May 8, 2012

ROMANS 4:2–6 in relation to the NPP


ROMANS 4:2–6
2 For if Abraham was justified by works, he has something to boast about, but not before God. 3 For what does the Scripture say? “Abraham believed God, and it was counted to him as righteousness.” 4 Now to the one who works, his wages are not counted as a gift but as his due. 5 And to the one who does not work but believes in him who justifies the ungodly, his faith is counted as righteousness, 6 just as David also speaks of the blessing of the one to whom God counts righteousness apart from works: 
John Piper does a fine job of critiquing non-imputational interpretations of this passage:   “When Paul begins to explain in verse 4 what he means by ‘counted to him as righteousness’ in verse 3, he talks about it in terms of something external (a wage) being credited to our account, rather than something internal (faith) being treated as righteousness.”  This righteousness then is not something we already possess, nor is it in us.

On the contrary, it is foreign, or alien to us. God credits the righteousness of Christ towards us when we trust Christ. This is significant because it helps define Paul’s use of the term “faith”. As Piper writes later, “Justification in Paul’s mind is God’s imputing righteousness to us ‘by faith’ rather than faith being treated as righteousness within us.”

3 comments:

  1. Hello Vocab,

    Two points I'd like to make:

    (1) Did you read my link about the Biblical term "impute" that folks like Piper and Grudem don't want you to know about?

    (2) The text of Romans 4:4 does not say a wage is credited to an account; that's a misreading. It says the wage is credited as a debt/gift, that is not the same as "to an account". Logizomai does not mean "to transfer".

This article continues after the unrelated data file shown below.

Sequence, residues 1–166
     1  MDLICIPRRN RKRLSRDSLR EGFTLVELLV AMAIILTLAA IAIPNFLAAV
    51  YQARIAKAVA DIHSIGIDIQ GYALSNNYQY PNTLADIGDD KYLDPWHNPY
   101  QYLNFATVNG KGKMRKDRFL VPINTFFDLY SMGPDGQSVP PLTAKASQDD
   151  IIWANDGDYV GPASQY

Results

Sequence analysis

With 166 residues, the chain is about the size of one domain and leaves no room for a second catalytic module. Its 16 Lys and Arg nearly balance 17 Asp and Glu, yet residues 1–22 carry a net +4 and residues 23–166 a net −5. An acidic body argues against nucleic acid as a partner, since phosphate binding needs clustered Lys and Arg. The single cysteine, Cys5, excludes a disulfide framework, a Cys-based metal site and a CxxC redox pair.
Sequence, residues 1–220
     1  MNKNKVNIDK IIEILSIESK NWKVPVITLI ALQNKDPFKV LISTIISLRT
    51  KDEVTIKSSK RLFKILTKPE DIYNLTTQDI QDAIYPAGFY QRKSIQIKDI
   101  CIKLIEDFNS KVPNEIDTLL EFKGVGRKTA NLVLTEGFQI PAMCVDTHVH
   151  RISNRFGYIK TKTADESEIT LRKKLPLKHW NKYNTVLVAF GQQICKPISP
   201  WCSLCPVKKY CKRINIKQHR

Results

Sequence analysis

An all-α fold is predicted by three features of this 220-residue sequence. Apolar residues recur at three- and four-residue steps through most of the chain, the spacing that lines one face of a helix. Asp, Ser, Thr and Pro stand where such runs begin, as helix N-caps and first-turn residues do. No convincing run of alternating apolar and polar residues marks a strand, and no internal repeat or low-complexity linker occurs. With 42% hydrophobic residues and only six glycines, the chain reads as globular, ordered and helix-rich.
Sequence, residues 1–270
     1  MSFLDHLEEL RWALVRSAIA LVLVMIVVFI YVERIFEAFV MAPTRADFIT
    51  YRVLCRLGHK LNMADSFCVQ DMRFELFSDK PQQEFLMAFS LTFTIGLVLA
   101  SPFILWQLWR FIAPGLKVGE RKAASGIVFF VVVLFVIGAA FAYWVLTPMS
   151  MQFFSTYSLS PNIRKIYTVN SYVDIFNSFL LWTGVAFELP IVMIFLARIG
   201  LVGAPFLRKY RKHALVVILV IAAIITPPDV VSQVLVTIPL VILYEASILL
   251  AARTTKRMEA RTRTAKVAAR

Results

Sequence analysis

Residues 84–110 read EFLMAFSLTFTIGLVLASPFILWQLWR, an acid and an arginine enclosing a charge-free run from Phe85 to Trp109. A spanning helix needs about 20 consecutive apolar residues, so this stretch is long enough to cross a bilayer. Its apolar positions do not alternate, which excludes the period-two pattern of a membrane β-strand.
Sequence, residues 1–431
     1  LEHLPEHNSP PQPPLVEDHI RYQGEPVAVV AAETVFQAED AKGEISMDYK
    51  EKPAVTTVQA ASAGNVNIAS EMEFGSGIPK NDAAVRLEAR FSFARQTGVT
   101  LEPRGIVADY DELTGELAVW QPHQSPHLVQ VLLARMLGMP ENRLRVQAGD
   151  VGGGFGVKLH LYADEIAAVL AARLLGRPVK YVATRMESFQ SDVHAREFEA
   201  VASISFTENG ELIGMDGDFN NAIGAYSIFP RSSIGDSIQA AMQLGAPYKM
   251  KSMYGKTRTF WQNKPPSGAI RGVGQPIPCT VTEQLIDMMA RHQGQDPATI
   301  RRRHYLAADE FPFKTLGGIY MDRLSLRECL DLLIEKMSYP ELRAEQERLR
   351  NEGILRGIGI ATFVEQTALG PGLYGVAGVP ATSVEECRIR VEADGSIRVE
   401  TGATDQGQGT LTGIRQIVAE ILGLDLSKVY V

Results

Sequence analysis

ReplyDelete
  2. Nick,

    I did read your link. I will be honest, I was a bit confused by it. I do not see how it functions as an effective polemic against imputation.

    Further, I object to your charge that Piper and Grudem "don't want me to know about the truth behind the term. Your accusation is ludicrous. Both of them have a better knowledge of you and I in the language and I know Grudem personally, as I have had him in class. He does not shy away from locking horns with those who take disagreeing positions. In fact, he assigns us reading from apt opponents to many of his own positions.

    I don't appreciate your use of the kind of language which implies that he is trying to deceive people. Remember, the Roman church is the one who has not wanted people to read the original language OR translations. Rome is the one who has wanted to hide true things about the Biblical doctrine of justification!

    vocab

    ReplyDelete
  3. I only came to the conclusion that Reformed scholarship was hiding something after I reviewed almost 50 scholars who didn't address Logizomai and this didn't make sense because this word is crucial for Imputation.

    If you were confused by anything, I'd be happy to try and clarify. My thesis is basically this: the Greek word Logizomai never means "to transfer," so it's wrong for Protestants to read Romans 4 and other texts as "transferring" Christ's righteousness.

    ReplyDelete

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